* Half-day hike. Out and back. Trail not signed.
* Distance: Roughly 2 kms one-way (2.5 - 3 hrs total)
* Elevation gain: Roughly 350m
* Trailhead: On Hwy 532. Turnoff is 30 mins past Longview, then 20 kms down hwy 532.
What a great, short hike this was! It was quite far from Calgary, but the hike was worth the driving time. Hwy 532 meanders through beautiful green meadows with very high peaks, and was dramatic enough on its own. Hailstone Butte exceeded my expectations, as the scenery was magnificent and the exertion was totally manageable. Bring your wind gear and hiking poles.
Depending on what route you take, there’s a short section (Elk Traverse) that could be vertigo-inducing if you don’t like heights, and I would recommend hiking poles just for that particular spot. Hailstone Butte also makes for good shoulder-season hiking, although if Elk Traverse was just a tiny bit icy, it could be very dangerous (it would be a long slide down before you could arrest yourself).
Hwy 532 is an unpaved road on the Southeast edge of Kananaskis Country, but it’s kept in good shape. I had no problem with the Prius. After 20 kms, look for the gravel parking lot on your left.
I was the only hiker there that day, so be prepared for a possible solo hike. The trail starts directly across the parking lot; make sure to cross the road - the trail on the same side of the parking lot leads to the 9 km-long Windy Peak Hills. It wouldn’t be a bad idea to hike both trails on the same day, having driven all that way.
Cross the road and ascend the hill facing the parking lot. There’s a lower path that follows the creek, but the overgrown bushes really scratch up your legs, so I recommend the higher path.
On the higher path, you’ll eventually head slightly downhill to meet up with the lower path. Follow the drainage creek for quite a while (it’ll get dryer as you gain elevation), but turn around from time to time to admire the peaks that are popping into view on the horizon (you will see them again on your way down).
As you climb, the high rocky ridge - which runs along the top of the slope ahead of you - becomes more and more visible. The fire lookout sits on the far right point of the ridge, but it won’t be visible until you pop up next to it. Keep walking uphill and to the right.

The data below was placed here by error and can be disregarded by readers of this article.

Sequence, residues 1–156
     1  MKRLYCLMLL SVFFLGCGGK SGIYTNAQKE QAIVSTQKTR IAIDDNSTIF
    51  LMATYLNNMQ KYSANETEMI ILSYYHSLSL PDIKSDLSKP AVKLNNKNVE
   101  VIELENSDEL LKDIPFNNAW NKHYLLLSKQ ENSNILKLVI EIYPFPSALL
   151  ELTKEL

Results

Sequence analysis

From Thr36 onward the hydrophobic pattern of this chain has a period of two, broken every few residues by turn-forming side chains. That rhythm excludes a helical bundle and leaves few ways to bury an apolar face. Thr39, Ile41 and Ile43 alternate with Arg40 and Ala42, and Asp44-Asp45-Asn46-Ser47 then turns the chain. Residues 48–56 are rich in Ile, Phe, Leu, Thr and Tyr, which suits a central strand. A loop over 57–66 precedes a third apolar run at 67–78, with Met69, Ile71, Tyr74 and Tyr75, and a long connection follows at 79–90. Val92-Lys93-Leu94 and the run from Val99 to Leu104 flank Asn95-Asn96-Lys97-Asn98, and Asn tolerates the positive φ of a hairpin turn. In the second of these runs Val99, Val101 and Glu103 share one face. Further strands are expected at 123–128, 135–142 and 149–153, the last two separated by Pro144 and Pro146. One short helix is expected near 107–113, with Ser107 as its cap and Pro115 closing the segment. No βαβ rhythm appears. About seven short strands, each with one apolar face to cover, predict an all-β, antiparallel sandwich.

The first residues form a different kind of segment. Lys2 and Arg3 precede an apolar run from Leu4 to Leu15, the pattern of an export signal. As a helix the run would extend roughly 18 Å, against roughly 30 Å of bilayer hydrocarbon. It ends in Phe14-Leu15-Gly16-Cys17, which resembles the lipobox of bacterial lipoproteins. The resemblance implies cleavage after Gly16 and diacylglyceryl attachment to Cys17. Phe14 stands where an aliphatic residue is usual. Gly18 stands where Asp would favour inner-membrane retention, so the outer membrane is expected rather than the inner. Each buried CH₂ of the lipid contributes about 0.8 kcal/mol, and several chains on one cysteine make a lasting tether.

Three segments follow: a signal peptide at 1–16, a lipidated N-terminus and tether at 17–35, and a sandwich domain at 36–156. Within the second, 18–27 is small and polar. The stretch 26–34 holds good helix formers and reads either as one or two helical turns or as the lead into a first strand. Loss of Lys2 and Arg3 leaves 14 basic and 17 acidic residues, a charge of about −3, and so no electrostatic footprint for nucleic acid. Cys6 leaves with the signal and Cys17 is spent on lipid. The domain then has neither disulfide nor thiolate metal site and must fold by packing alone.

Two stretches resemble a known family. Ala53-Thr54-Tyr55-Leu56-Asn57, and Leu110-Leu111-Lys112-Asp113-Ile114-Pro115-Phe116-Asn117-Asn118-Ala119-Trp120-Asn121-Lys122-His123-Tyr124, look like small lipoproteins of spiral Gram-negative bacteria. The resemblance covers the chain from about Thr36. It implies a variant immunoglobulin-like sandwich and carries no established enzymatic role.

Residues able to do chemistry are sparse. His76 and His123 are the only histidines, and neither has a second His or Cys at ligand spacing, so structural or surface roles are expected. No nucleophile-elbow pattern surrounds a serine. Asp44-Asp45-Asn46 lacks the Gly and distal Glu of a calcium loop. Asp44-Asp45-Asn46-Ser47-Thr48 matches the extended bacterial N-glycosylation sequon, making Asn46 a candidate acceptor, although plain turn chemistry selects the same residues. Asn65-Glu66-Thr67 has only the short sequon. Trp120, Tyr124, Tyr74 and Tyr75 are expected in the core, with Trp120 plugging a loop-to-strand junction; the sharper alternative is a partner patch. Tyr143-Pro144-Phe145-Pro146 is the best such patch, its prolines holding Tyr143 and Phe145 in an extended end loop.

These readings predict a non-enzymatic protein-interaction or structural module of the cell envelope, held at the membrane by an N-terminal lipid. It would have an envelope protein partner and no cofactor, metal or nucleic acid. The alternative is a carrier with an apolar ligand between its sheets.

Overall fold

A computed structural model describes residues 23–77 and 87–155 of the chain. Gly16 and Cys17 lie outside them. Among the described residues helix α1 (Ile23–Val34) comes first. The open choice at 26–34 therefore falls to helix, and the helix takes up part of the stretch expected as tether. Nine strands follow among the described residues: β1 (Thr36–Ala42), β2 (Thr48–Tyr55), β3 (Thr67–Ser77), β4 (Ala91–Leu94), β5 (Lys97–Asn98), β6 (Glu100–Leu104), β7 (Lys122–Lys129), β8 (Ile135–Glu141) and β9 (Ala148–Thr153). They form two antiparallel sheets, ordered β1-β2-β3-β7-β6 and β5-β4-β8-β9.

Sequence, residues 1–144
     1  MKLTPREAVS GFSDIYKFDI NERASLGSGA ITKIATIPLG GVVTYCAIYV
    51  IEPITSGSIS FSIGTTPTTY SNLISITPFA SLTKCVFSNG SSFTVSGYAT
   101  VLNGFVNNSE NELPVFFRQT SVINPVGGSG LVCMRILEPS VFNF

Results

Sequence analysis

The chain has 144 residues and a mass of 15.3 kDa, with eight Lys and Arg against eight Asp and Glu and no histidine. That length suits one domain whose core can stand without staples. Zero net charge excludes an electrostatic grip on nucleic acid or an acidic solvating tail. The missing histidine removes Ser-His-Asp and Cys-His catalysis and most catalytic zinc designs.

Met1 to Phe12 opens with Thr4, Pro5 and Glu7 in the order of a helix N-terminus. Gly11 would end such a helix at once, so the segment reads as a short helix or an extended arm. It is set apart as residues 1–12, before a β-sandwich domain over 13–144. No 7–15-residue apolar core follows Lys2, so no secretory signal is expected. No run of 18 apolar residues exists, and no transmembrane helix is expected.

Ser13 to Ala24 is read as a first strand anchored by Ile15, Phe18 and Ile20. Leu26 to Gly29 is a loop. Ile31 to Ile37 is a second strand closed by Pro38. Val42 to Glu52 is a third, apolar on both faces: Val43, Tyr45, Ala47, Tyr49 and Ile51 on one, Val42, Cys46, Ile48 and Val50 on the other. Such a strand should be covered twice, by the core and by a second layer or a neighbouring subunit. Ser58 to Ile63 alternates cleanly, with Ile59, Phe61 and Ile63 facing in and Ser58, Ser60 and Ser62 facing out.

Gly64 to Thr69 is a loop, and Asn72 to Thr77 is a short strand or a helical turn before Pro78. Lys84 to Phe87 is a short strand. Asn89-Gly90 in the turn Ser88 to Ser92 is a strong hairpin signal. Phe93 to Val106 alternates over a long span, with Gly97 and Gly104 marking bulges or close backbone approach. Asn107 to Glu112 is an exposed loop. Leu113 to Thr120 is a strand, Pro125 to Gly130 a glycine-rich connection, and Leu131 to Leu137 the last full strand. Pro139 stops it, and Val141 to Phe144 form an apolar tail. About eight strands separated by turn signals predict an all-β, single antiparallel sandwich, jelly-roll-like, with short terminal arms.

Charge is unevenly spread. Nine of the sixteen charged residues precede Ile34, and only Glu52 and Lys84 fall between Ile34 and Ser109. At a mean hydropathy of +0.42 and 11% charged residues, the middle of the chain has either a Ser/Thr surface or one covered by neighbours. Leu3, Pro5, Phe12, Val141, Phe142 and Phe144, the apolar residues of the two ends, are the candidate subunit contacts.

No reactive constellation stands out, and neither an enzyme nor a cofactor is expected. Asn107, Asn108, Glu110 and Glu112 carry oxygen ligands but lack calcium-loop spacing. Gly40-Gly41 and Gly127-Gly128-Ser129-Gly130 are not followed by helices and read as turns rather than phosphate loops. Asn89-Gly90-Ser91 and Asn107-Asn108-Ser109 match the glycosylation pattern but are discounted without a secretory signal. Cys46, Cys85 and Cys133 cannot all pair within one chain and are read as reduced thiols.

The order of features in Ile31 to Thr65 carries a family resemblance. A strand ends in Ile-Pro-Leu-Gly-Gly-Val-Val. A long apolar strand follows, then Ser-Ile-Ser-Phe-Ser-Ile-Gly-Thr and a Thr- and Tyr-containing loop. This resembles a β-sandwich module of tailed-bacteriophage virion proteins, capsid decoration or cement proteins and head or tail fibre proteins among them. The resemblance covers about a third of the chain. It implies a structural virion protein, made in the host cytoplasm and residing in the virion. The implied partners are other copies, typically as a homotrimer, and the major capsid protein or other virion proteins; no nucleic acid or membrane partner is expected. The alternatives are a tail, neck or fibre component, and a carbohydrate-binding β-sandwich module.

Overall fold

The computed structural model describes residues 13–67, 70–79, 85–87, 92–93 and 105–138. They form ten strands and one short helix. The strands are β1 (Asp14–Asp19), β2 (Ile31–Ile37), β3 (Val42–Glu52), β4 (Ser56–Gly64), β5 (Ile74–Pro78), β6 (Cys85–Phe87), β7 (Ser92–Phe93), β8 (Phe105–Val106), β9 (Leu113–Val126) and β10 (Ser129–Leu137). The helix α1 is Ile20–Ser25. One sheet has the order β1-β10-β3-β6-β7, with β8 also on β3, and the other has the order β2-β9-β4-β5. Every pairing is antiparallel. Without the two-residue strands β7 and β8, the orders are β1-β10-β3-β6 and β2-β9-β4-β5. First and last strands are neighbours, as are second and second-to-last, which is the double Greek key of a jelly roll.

As you climb up toward the right point of the ridge, there will be three ways of getting to the lookout on top:
HARDEST BUT SHORTEST (Roper Route): Get off the main path, head toward the left across the grass and climb up the steep grassy slope (no trail). Scramble up the front of the ridge where it’s thinnest, somewhat left of the right point.
MEDIUM DIFFICULTY/LENGTH: Keep following the path upwards until Elk Traverse, where you cross a dark sandy chute. This section might be vertigo-inducing for anyone with a fear of heights; keep dogs and kids close. I wouldn’t attempt it in icy or wet conditions. Once you’re at the saddle, go left and straight up. Scramble up the rocks and arrive just below the fire lookout.
EASIEST BUT LONGEST: Avoid the scramble entirely. Cross Elk Traverse and take the narrow fire road that continues way past you, across the meadow, and eventually loops left to come back towards the lookout. This will add about 3-4 kms to your hike.
I wasn’t entirely sure that I was in the right spot, and I didn't want to make it worse by going off-trail. So I kept following the path toward Elk Traverse. I had to talk myself out of looking down into the valley below (you are a LONG way up here) while walking the sandy path, as I was feeling slightly dizzy. I used my poles to get better footing, as the path is ‘slidey’ and loose, as sandy as a beach in some spots. Fortunately, it’s no longer than a few dozen metres and is over quickly. Still, take your time and watch your footing.
Arriving at the saddle after Elk Traverse, you’ll see a rock pile to your right that makes for beautiful panoramic photos. Straight ahead, there’s a field strewn with grassy spots and boulders. The trail through the meadow isn’t discernible, but you can see it reappear in the distance, so it’s easy to beeline your way to it if you want to avoid the scrambly sections.
On your left, you can scramble up the grassy ledges of the slope and over the rocky ridge to pop up near the fire lookout (about 10-15 minutes after leaving the saddle). Hold on to your hat and your lunch, it’s windy up here!
Be aware that the fire lookout is a working post and a temporary home for the fire observer; don’t approach the station. Take care when walking near the super-cool mosaic of stones that former observer Tom Johnson has painstakingly laid out in fun patterns.
Take the same way down that you took to come up; you’ll likely be back down to your car in less than an hour, unless you took the meadow path.
So there you have it: A short, slightly steep hike with very satisfying views, up and down within three hours. I will definitely be doing this trail again!
Taken from the highway on my drive back, I recognised the Elk Traverse waaaaaay up there (do you see a thin line crossing the slope at the very top?). No wonder I was slightly queasy crossing it - it’s incredibly high!!!
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